There was a wasp’s nest in the shed. When discovered, the wasp nation was long gone, leaving behind a translucent sphere: a mini space ship or a conch shell nestled in the warm rafters. Everyone said it was a blessing that I had not known about it before. Unknown when it was being scouted out by some pioneer wasps. Unknown the spectacular arrival of the queen: the polishing of the mother ship. They knew, you see, my horror of insect infestations.

Even though the nest was empty I gave it a good spray with foam from the ironmonger’s. The ship melted to the waiting sheet of newspaper as if a capsized dinghy or a ridged, fat candle. I was relieved to find that not one wasp soul had been left behind in the abandoned globe. Despite my many misgivings and aversions, for days afterwards I felt so rude to have destroyed their object so painstakingly constructed, and so much wood pulp chewed and spat out. The wasps did not return to build a new ship, and spiders ruled the shed again.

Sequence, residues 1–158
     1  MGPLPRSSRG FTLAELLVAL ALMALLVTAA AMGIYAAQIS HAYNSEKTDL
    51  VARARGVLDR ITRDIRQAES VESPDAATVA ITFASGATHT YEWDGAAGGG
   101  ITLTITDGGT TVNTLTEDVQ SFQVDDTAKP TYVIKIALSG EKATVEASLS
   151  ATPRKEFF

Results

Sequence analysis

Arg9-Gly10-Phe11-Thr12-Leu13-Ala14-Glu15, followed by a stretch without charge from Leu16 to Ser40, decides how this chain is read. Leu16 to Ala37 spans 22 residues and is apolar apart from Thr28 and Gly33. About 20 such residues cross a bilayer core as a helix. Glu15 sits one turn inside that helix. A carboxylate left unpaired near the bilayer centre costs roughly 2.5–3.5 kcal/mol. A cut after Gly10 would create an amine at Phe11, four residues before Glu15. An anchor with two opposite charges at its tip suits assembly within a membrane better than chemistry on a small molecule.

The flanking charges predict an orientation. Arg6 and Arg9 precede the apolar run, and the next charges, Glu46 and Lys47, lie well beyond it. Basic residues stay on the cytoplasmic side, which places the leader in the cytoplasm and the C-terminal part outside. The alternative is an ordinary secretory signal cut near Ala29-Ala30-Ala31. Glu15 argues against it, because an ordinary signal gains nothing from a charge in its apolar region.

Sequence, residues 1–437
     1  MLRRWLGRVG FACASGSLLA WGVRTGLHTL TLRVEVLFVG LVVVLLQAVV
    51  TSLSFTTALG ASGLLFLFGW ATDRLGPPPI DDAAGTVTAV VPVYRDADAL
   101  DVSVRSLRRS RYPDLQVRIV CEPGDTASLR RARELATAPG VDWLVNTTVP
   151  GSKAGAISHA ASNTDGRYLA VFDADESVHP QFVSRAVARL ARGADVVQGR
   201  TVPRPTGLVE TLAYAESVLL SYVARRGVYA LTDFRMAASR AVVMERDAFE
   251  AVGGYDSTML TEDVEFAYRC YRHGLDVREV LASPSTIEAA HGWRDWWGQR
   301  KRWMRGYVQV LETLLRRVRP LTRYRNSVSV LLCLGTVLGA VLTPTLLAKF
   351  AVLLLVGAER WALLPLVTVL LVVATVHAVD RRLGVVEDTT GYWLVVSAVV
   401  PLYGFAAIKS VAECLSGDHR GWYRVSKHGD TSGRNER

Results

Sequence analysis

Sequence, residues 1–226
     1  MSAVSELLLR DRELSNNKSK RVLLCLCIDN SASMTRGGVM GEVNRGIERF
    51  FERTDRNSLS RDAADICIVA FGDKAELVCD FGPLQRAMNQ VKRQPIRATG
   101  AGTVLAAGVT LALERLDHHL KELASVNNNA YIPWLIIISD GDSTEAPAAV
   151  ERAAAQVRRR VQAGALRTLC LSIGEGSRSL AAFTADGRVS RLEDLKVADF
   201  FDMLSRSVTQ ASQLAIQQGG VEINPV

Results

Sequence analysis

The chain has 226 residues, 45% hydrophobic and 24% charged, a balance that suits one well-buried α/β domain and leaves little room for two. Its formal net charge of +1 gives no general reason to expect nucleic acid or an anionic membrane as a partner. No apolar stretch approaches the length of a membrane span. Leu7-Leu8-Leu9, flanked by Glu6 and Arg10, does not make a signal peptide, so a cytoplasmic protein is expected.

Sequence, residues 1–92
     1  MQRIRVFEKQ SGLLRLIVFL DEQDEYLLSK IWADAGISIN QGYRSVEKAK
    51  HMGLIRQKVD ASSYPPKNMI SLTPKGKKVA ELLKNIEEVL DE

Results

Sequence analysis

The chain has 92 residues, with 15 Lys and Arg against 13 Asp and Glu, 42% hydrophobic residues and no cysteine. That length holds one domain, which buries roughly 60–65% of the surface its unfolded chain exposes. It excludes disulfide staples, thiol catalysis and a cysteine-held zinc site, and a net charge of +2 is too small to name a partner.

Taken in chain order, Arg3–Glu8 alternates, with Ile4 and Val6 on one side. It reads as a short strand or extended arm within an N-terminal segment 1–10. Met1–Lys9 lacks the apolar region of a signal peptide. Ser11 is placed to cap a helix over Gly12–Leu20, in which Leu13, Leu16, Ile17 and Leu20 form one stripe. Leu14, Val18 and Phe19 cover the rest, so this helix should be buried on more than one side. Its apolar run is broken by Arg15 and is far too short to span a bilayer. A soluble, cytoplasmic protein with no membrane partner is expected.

Jude Brigley

Jude Brigley is Welsh. She has been a teacher, an editor, a coach and a performance poet. She is now writing more for the page.

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